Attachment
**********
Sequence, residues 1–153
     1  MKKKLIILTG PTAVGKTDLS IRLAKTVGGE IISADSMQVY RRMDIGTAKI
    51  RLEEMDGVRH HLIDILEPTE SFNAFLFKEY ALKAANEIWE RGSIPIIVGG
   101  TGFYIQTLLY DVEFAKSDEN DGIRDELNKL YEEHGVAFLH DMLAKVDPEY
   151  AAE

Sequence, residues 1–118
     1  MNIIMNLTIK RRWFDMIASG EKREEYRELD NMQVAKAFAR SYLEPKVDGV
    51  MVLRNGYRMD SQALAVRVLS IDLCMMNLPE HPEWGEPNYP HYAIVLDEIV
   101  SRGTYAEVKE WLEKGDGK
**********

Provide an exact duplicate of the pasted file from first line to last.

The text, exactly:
Sequence, residues 1–153
     1  MKKKLIILTG PTAVGKTDLS IRLAKTVGGE IISADSMQVY RRMDIGTAKI
    51  RLEEMDGVRH HLIDILEPTE SFNAFLFKEY ALKAANEIWE RGSIPIIVGG
   101  TGFYIQTLLY DVEFAKSDEN DGIRDELNKL YEEHGVAFLH DMLAKVDPEY
   151  AAE

Sequence, residues 1–118
     1  MNIIMNLTIK RRWFDMIASG EKREEYRELD NMQVAKAFAR SYLEPKVDGV
    51  MVLRNGYRMD SQALAVRVLS IDLCMMNLPE HPEWGEPNYP HYAIVLDEIV
   101  SRGTYAEVKE WLEKGDGK